Performance Objectives and Happy Employees
I guess it’s obvious that as business owners and managers we want our employees to be happy at work. Why wouldn’t we? (For one thing, happy employees are always far more productive than unhappy employees!). What we’re often unsure about is how to help our employees to be happy – how to ‘delight’ them.
What most of the business owners and managers I work with would be most surprised to hear is that we can make a real difference to our employee’s happiness by using performance objectives. Here’s how:
1. Use Performance Objectives to get clear on your expectations
‘Knowing what’s expected of them’ consistently ranks highly on employee satisfaction surveys. Employees want to know what their manager wants from them – what they have to do in order for their manager to consider then to be a good performer. One way to delight your employee is to have a focused, ‘adult to adult’ conversation in which you both explore and agree what effective performance looks like for their job. Research also tells us that having clear objectives with effective measures can improve performance by over 30% so if you agree your expectations as performance objectives you can expect not only improved satisfaction from your employees but also improved performance
2. Use Performance Objectives to help your employees connect their efforts to the mission and purpose of your business
We know from research that employees want to ‘connect their efforts to the mission and purpose of your business’. In short, I guess, they want an answer to the question – ‘why am I doing this?’ A way to delight your employee is to spend time with them exploring the ‘Why’ of their job – why what they do is so important to the business. A simple approach is to take each of the performance objectives you a have agreed and explore how achievement of that objective contributes to your businesses success (or how failing to meet the objective would have a negative consequence to the business).
3. Give performance feedback and recognition
I guess you won’t be surprised to know that research shows that ‘appreciation for a job well done’ consistently ranks highly as a motivator in employee surveys. You might be more surprised to know that research also shows that most people don’t feel they get enough praise.
Putting aside the fact that it’s likely that some survey participants feel they should be praised for turning up every morning, there are probably ways to delight your employees simply by paying closer attention to their performance so that you can find opportunities to praise them. It’s about bringing some focused attention to catching your employees doing things right.
The easiest way to make praise a motivational experience for your employee is to give them performance feedback based on agreed performance objectives. It’s the difference between ‘nice work Doug’ and ‘Let me tell you why I think your performance was outstanding in that client meeting…’ (here you use your agreed performance objectives to illustrate what the employee did that was so effective).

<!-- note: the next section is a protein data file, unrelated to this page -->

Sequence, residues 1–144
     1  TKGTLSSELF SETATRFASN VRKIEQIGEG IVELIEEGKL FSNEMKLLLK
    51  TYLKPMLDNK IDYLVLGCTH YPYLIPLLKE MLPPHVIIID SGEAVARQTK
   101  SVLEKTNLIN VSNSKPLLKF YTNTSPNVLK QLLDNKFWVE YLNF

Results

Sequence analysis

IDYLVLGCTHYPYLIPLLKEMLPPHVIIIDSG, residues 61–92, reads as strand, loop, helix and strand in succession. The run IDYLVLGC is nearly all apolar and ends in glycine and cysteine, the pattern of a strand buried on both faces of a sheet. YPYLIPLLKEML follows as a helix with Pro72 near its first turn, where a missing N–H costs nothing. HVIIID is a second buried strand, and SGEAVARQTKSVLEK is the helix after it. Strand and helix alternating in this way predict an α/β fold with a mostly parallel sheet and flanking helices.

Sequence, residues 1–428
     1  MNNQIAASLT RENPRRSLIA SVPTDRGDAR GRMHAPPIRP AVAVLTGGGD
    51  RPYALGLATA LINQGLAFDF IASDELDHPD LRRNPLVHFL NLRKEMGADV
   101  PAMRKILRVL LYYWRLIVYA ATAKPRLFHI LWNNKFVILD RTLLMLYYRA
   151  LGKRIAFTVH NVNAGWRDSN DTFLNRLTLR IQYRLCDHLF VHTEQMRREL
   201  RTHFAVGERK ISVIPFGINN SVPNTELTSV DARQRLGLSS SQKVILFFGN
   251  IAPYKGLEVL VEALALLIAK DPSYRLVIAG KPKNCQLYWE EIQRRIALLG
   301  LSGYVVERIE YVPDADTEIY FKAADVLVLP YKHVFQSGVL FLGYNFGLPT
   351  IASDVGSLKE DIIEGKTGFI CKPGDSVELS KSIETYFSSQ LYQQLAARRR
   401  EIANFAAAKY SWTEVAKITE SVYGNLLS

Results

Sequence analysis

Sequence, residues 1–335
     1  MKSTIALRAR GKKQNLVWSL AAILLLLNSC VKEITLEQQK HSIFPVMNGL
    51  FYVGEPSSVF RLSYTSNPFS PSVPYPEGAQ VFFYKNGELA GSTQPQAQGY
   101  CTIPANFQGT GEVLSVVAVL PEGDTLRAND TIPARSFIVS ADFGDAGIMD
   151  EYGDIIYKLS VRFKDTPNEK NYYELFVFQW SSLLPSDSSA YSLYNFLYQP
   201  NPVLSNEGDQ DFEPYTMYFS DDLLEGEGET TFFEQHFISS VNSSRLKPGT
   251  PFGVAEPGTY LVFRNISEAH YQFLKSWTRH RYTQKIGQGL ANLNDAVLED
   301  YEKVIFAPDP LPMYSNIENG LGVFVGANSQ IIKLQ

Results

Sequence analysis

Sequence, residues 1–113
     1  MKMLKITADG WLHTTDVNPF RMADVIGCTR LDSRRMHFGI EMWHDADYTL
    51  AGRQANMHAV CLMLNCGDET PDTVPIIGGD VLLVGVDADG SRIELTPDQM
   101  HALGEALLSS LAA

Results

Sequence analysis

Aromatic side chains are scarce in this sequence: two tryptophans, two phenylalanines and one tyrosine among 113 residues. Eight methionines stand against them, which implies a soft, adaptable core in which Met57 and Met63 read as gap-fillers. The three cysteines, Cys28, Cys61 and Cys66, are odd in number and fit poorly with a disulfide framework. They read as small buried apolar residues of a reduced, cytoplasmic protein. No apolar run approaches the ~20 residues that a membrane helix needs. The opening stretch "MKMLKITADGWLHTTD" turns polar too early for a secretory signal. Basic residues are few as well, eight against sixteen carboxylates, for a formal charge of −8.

4. Show care, interest and concern for your employees
We know that showing a high level of interest and concern for our employee results in higher levels of motivation and performance. One of the most powerful ways to do this is to have a conversation specifically about how to maintain or improve their current level of job satisfaction. After all, who wouldn’t feel motivated by having a boss who cares about our satisfaction at work and who is happy to spend the time talking to us about this subject which is so close to our hearts? Having conversations with your employee specifically about their job satisfaction may feel like just one more thing on your ever expanding ‘to do list’. The benefits, though, of spending some good quality, focused time on this issue can be enormous in terms of both employee motivation and in building your relationship with that employee. And here’s the great part.
Even if you and the employee cannot come up with a whole range of actions to maintain or improve their job satisfaction, most employees find that the very fact that their boss is interested in their satisfaction and prepared to spend time discussing this with them is highly motivational in itself. It’s a ‘no lose’ situation
‘Delighting employees’ doesn’t have to be about salary, bonuses or fast cars (though I’m not saying these don’t help!) Research tells us again and again that what employees want – what delights them – is to be well managed. What much of ‘well managed’ means is clarity, connection, feedback and interest and what much of ‘well managed’ means in practice is using performance objectives
Do you want to read more about Performance Objectives?
Why not take a look at my e-book ‘Motivating Your Staff with Powerful Performance Objectives’ – a step-by-step guide for managers, team leaders and supervisors who want to motivate their staff to high performance. More details HERE